Gas hydrates are clathrates of natural gases (mainly methane), which are captured in water ice crystals. These clathrated compounds have been discovered in sediments worldwide wherever low temperature, high pressure, salinity, and sediment organic concentrations are conducive to their formation.
Recent academic and industrial efforts to investigate and explore naturally occurring gas hydrates have expanded and deepened our knowledge of the distribution and occurrence of gas hydrates in deep-sea sediments and permafrost regions. Globally, it is estimated that about 1,226 Tcm (43,311 Tcf) of natural gas is considered to be entrapped in the natural gas hydrates. Due to this vast energy resource potential of gas hydrates, many countries such as the United States, Canada, Japan, India, Korea, China, and Taiwan have undertaken dedicated national gas hydrate research programs. Gas hydrates are in the research and development (R&D) stage and no commercial production is being done anywhere in the world.
Gas hydrate resources are huge in India (26.4 Tcm/933 Tcf) and potentially represent a global energy game changer if the technologies for gas production from hydrate reservoirs are techno-economically established. Several initiatives have been undertaken by NGHP in India for gas hydrate exploration in deepwater offshore. The dedicated gas hydrate coring/drilling/logging-while-drilling/measurement-while-drilling operations were carried out under NGHP Expedition 01 in 2006 in four Indian offshore areas: Krishna-Godavari basin (KG), Mahanadi, Andaman, and Kerala-Konkan, which established the presence of gas hydrates in the KG, Mahanadi, and Andaman deep offshore areas.
To date, three primary classes of methods have been considered for production of methane from subsurface gas hydrates: thermal stimulation, depressurization, and chemical injection. Currently, there has been limited analysis or field testing of gas hydrate production from other gas hydrate occurrence types, and production from those deposits will require development of as-yet unidentified technological approaches.
The NGHP Expedition 01 in 2006 established that huge amounts of gas hydrate deposits are present in the Indian deepwater areas, particularly in KG and Andaman deep offshore. However, the discovered gas hydrates are not producible with the current technologies as they exist in fractured shale and clay-dominated reservoirs.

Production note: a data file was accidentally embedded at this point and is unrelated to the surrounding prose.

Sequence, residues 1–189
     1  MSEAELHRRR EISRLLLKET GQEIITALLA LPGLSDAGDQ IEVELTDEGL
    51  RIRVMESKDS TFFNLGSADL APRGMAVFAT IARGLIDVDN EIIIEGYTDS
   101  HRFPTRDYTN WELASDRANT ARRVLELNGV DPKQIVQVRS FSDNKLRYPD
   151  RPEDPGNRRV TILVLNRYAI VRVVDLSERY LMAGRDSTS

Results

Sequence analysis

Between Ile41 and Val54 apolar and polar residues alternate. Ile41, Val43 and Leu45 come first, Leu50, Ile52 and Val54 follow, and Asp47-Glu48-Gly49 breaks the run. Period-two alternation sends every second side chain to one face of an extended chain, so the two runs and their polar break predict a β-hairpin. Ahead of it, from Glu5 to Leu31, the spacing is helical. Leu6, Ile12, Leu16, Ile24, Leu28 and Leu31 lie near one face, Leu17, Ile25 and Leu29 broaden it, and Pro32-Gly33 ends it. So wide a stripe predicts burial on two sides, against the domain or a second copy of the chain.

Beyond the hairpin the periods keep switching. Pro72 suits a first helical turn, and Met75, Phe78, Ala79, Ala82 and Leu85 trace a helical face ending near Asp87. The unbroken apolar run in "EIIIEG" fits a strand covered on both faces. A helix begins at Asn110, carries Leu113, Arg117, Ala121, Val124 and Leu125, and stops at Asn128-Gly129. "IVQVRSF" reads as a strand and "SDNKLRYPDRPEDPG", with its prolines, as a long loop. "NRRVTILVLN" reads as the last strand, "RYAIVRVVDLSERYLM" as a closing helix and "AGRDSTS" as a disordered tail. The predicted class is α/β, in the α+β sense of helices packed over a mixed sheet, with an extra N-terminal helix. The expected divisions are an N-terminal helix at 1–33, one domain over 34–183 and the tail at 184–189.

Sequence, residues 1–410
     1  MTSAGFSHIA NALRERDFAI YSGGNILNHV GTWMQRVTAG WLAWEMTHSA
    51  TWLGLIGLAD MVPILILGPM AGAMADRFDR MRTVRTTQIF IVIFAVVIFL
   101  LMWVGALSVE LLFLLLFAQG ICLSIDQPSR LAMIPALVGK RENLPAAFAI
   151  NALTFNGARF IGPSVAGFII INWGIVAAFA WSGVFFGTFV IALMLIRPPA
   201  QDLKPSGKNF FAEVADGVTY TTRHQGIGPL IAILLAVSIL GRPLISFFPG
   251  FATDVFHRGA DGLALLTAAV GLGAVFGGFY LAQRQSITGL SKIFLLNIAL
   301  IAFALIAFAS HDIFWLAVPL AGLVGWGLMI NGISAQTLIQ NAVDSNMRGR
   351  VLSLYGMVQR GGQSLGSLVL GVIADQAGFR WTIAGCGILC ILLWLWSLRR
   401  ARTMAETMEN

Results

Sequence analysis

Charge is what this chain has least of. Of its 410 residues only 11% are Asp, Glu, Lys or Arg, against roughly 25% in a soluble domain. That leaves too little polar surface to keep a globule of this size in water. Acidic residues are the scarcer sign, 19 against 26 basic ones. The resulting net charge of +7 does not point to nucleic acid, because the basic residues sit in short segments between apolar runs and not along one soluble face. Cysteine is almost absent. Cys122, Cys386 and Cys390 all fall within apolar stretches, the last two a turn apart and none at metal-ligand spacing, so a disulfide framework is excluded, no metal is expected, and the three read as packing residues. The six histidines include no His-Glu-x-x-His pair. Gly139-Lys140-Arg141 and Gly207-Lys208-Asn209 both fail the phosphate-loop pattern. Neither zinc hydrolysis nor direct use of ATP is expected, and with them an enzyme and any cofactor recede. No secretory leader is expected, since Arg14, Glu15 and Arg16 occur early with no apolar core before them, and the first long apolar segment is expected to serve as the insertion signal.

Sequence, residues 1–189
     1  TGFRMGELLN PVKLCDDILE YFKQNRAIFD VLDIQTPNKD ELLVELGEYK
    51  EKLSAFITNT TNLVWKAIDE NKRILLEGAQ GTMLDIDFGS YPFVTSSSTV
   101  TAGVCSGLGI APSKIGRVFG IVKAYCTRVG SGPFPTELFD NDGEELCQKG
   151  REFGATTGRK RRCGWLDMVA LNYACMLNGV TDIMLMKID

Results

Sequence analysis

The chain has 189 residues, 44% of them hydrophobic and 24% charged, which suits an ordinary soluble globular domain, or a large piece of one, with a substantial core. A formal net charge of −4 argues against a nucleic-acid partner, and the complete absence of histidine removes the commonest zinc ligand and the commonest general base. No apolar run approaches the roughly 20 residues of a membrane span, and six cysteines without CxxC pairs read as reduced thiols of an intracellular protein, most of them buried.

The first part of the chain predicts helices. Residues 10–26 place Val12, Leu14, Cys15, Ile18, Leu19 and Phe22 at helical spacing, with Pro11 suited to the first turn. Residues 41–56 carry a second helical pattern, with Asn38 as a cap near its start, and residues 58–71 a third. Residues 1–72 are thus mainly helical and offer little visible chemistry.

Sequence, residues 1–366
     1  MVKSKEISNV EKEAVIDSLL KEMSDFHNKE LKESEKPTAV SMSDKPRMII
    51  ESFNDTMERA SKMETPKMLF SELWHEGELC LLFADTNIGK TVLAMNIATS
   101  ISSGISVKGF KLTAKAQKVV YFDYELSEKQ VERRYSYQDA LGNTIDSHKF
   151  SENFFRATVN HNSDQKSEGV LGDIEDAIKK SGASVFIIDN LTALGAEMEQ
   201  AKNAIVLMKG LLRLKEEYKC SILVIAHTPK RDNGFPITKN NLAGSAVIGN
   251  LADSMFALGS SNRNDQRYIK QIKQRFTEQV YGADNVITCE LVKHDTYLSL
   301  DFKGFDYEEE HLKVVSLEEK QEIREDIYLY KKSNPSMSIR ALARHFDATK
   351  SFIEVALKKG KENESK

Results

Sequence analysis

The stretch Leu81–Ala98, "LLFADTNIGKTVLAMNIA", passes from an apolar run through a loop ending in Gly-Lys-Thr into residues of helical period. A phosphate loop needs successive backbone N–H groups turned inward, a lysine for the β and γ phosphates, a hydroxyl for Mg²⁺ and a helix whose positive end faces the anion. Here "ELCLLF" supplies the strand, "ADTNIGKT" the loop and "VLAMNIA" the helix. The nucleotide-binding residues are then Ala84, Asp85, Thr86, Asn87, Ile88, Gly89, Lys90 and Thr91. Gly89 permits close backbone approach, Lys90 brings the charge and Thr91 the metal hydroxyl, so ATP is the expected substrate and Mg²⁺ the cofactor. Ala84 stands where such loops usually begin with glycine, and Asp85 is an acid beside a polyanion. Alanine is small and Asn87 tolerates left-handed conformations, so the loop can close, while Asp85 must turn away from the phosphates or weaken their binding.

Therefore, studies were carried out from 2007 to 2013 to identify the gas hydrate occurrences in sand-dominated reservoirs in the eastern offshore—namely, the KG and Mahanadi deep waters. A key partner in the NGHP, ONGC carried out geological and geophysical studies in an area of about 10 000 km2 in KG and Mahanadi deep offshore for the identification of sites for NGHP Expedition 02 with special emphasis on gas hydrate occurrence in sand facies. NGHP-02 was executed by ONGC in 2015, wherein 42 gas hydrate wells have been drilled/cored in KG and Mahanadi deep offshore areas.
NGHP-02 established the existence of a fully developed gas hydrate petroleum system in the KG basin, and producible gas hydrates have been discovered in KG offshore sand reservoirs. In view of the encouraging results, further extensive studies are being carried out to assess the gas hydrate resource potential, reservoir characterization, reservoir delineation, planning for pilot production testing, and techno-economic analysis of gas hydrate producibility. NGHP Expedition 03 for pilot production testing is planned during 2017–18.
Gas hydrate exploitation is still in the R&D stage, and global efforts for the assessment of viable technology for its exploitation are still on and will take some time for commercialization. Hydrate gas may soon prove to be the catalyst for the next surge in energy industry activity. R&D organizations around the world are defining and developing multiple techniques to explore and exploit this resource as the next addition to the expanding clean and affordable energy portfolio.